A Customer Journey Map usually shows one persona (or customer avatar) representing some segment of customers and steps which she follows to reach her goal.

What is different from a standard business process is the fact that CJMs show not only tacit elements like the actions performed by a customer, channels used and touchpoints with a company, but also elements such as customer hopes, fears, and aspirations driving their behaviors.

Additionally, for the steps where the customer interacts with employees (or more and more commonly with IT systems) of the company, it is possible to show whether those interactions increase the satisfaction, or detract from it.

The benefit is obvious – especially for companies that had not yet created a real business process architecture. By creating customer journeys, they can finally create a common view of how they interact with a customer rather than seeing only the department or system particular views.

This better understanding enables them to increase customer satisfaction, which leads to more customer loyalty and subsequently increased profits. Also, better
insights into the customer’s real motivations have a positive impact on product creation and marketing.

Why is it so?

For a long time, we approached our customers like Henry Ford (“Any customer can have a car painted any color that he wants so long as it is black.”), treating them all the same and focusing on the functional aspects of our products and services.

Now with savvier and more empowered customers competing only on the basis of price or product features is not enough. Customers want experiences, and it is not possible to build those experiences without understanding what drives them.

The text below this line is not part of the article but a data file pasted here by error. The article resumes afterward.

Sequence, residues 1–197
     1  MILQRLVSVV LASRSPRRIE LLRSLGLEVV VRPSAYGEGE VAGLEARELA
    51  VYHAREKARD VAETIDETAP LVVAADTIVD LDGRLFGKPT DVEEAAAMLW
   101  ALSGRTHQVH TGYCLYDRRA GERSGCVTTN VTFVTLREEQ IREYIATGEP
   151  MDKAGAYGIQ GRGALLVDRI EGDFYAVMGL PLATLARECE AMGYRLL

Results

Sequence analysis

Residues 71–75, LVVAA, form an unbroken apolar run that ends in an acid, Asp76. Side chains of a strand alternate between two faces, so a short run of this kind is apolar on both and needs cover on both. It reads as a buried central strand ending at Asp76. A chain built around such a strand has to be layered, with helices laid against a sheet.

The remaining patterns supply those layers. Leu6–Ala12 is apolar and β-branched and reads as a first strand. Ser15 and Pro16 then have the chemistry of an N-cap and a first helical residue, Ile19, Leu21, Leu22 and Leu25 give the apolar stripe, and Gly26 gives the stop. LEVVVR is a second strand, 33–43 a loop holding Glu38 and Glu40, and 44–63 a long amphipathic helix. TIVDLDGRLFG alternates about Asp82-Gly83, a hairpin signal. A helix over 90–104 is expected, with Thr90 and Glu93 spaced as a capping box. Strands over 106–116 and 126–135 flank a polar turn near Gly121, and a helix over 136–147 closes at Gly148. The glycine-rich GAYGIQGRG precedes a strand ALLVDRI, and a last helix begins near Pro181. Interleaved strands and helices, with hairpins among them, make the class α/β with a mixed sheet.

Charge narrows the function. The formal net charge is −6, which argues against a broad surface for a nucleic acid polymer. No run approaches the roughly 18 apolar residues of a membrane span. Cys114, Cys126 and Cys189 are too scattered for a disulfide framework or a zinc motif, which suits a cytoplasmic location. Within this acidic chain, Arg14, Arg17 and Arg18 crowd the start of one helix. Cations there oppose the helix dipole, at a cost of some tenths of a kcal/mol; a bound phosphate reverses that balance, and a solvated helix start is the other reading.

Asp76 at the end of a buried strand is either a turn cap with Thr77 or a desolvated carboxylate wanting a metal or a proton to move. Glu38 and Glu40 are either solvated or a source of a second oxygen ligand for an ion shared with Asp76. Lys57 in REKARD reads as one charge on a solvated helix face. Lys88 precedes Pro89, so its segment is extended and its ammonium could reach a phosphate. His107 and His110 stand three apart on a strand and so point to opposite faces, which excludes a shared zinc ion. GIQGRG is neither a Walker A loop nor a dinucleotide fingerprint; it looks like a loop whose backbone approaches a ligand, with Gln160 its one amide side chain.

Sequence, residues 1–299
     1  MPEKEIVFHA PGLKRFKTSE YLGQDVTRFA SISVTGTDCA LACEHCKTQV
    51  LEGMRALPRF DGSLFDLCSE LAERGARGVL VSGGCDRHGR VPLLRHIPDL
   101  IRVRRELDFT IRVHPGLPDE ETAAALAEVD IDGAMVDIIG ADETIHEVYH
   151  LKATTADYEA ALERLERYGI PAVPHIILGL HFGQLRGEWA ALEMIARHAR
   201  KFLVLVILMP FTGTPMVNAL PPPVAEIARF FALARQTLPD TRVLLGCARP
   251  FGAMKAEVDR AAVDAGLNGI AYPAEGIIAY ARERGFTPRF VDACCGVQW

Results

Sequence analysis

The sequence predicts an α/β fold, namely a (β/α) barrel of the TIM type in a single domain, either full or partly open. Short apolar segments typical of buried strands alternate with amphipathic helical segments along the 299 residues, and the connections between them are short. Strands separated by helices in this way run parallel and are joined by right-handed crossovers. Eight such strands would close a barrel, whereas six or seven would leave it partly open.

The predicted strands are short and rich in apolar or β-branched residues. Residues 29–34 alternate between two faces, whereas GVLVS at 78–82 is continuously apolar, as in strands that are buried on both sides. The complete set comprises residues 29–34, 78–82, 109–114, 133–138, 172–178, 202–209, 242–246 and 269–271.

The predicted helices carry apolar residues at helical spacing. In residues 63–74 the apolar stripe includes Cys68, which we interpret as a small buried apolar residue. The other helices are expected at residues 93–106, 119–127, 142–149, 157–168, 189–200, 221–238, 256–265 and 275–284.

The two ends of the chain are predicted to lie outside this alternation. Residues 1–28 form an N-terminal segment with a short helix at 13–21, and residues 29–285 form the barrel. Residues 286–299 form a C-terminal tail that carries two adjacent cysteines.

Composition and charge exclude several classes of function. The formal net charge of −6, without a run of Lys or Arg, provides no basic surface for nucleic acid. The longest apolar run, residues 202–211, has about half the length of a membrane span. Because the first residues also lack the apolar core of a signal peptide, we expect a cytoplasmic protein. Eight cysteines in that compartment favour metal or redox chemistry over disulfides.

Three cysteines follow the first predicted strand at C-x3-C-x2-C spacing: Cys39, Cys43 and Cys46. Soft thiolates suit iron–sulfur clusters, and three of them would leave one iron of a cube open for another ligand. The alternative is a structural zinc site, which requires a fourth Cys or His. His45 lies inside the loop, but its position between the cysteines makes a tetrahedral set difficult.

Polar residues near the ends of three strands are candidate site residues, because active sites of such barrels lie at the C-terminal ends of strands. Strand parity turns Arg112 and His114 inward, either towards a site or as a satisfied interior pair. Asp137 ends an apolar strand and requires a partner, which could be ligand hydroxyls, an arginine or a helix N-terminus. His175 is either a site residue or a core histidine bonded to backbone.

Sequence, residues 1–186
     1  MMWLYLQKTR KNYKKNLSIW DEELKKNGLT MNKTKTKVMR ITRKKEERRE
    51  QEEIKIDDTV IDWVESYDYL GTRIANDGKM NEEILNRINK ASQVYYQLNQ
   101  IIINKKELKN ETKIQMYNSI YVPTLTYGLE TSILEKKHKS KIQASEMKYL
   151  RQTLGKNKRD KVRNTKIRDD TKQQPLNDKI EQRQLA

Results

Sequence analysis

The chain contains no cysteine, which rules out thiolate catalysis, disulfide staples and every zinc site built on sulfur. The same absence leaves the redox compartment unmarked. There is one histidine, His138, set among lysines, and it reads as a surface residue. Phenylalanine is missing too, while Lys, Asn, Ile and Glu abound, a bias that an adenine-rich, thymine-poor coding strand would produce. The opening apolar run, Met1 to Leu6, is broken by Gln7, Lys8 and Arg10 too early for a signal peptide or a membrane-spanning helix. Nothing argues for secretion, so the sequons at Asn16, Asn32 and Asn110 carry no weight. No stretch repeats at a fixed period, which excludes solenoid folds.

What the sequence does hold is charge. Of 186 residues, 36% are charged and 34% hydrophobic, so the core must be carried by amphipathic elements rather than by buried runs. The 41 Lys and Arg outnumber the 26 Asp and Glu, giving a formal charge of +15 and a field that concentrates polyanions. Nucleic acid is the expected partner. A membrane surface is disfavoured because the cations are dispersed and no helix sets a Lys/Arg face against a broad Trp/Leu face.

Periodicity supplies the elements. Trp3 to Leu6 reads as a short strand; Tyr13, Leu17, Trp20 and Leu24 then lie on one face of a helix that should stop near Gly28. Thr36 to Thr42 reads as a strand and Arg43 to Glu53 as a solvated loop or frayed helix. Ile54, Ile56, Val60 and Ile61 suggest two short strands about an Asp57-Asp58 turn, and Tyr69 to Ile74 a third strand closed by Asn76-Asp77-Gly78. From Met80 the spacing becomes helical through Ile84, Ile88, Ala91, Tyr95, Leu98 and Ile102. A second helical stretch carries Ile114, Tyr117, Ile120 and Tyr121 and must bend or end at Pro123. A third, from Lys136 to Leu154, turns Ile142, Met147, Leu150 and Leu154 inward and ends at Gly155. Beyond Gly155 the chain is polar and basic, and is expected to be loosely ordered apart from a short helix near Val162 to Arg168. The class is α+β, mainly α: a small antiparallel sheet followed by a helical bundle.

However, while customer journey maps are very valuable, we should not treat them as the sole source of truth. Instead, they should be used as parts of a multi-dimensional view of our organization.

Customer Journey Maps allow us to understand our customers better and state who we serve3. But to create a consistent customer experience we also need good business processes, integrated enterprise architecture and many other aspects our customers most likely do not think about, but that are, nonetheless, crucial for the company (for example risk and compliance).

So, what we need is to a comprehensive view of the organization in the form of a repository with many inter-relations between the diagrams which can be easily analyzed and used by various roles collaborating together: BPM and CX specialists, EAM/IT and GRC experts, and many others.

Only then we can really build exceptional experiences for the customers in a way which also makes sense from the internal perspective.

1Probably the most popular is one coming from Sam Walton: “There is only one boss. The customer. And he can fire everybody in the company from the chairman on down, simply by spending his money somewhere else.”

2MWD Advisors performed recently a survey on this topic:

3By the way: it also makes a lot of sense not only to state who are our perfect customers but also who are the customers we do not target.

Zbigniew Misiak

Zbigniew Misiak is a senior consultant at BOC Group, vendor offering IT-based management tools and services in the areas of Strategy and Performance Management, Business Process Management, IT Management and Enterprise Architecture. Responsible for the free business process analysis tool ADONIS:Community Edition ( and cooperation with universities.